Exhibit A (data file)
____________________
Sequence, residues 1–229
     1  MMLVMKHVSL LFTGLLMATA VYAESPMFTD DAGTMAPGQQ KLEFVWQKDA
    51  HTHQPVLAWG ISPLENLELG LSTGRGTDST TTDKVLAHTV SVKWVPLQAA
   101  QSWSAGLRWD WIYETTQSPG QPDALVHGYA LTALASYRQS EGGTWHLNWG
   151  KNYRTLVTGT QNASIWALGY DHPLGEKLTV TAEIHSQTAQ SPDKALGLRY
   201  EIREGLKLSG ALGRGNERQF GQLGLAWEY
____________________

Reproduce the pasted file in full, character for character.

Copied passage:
Sequence, residues 1–229
     1  MMLVMKHVSL LFTGLLMATA VYAESPMFTD DAGTMAPGQQ KLEFVWQKDA
    51  HTHQPVLAWG ISPLENLELG LSTGRGTDST TTDKVLAHTV SVKWVPLQAA
   101  QSWSAGLRWD WIYETTQSPG QPDALVHGYA LTALASYRQS EGGTWHLNWG
   151  KNYRTLVTGT QNASIWALGY DHPLGEKLTV TAEIHSQTAQ SPDKALGLRY
   201  EIREGLKLSG ALGRGNERQF GQLGLAWEY